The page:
ORLANDO, Fla. – According to the Centers for Disease and Control and Prevention, the rise of autism in the United States has gone up by about 10%, steadily increasing since researchers first began tracking it in 2000.
“Some people say, ‘No, it’s OK.’ No. It’s not OK. That day that you listen to that doctor telling you that your boy, your baby, has autism, it really shocks you and your heart starts crying,” Marytza Sanz, the president and founder of Latino Leadership in Orlando recalled.
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Nine years ago, her first grandson was diagnosed with autism when he was 2 years old.
“We hardly slept in our house. We had to take turns, two hours each person because he would be awake the whole night,” she said.
After the diagnosis, Sanz said she began to look for therapy centers but didn’t find any that catered to minorities.
“Something that I observed with the ABA therapy was that most of the places, they didn’t had anything culturally sensitive for our families,” she said. “One day I came to my board of directors in one of our meetings and I said, ‘Why don’t we start an ABA program therapy?’ So, everybody look at me like, ‘What are you going to do? Are you a therapist?’ And I said, ‘No, I am a grandma.’”
Sanz is not just a grandmother. She is a community advocate who in 2001 founded the nonprofit Latino Leadership with the focus of improving the quality of life for Latino families in Central Florida. In 2015, she opened the Santiago & Friends Family Center for Autism in Orlando.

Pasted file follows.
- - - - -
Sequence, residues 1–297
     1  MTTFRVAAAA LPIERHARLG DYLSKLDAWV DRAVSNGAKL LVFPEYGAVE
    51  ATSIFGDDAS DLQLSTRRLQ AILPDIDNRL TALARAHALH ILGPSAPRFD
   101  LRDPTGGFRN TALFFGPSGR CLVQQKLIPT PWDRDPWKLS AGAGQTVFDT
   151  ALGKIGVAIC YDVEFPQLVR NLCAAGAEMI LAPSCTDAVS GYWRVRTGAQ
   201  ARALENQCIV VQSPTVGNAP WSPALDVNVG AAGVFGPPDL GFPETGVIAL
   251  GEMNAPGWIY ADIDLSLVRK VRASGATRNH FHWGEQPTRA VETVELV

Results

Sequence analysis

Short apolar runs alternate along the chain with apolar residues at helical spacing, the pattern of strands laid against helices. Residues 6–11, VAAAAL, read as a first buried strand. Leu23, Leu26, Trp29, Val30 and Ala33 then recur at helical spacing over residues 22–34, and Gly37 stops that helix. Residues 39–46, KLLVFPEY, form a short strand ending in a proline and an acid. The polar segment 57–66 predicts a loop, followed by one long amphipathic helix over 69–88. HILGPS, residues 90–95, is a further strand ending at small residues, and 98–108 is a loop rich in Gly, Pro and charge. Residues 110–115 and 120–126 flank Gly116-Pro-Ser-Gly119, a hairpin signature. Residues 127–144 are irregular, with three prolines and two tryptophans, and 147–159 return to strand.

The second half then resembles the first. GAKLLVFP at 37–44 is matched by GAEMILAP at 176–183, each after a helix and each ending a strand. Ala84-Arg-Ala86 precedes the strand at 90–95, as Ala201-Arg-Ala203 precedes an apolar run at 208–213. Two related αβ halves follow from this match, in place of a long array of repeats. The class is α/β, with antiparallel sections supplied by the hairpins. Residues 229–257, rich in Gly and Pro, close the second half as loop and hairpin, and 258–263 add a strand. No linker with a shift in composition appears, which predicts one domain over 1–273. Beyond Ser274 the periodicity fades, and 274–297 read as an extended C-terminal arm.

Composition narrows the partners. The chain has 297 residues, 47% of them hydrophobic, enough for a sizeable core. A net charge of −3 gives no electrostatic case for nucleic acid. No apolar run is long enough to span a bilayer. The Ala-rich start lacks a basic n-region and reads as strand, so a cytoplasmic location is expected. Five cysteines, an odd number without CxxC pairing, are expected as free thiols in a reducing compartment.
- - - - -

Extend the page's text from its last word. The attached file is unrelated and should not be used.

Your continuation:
“I see Santiago being a lighthouse for our community. We don’t serve only Latinos because here we have every child that needs therapy can come here,” she said. “I think that early intervention is the key for our kids. We have to be proactive.”
In 2020 the CDC reported about 1 in 54 children are identified with autism spectrum disorder and boys are four times more likely to be diagnosed with autism than girls.
“It’s very hard to see…when you see other kids at his age, the things they have done or they are doing and you know that your kid maybe he will never do it or maybe it will take longer for him to reach that. It’s painful,” the grandmother said through tears.
Despite the hardships, she’s also seen the silver lining in her Santiaguito — her tender way of calling her grandson.
“He has really teach us to have patience, to have understanding for things that you cannot change,” she said. “Thank you to the pandemic he was potty trained, yes, potty trained at 11 years and he learned how to ride bicycle this year.”
As for her message to parents learning how to cope with autism, Sanz said love helps lead the way.
“Don’t feel embarrassed. Open your heart and…it’s a new challenge that you have in life but it’s, I think that it’s a proof of love for our kids,” she said.
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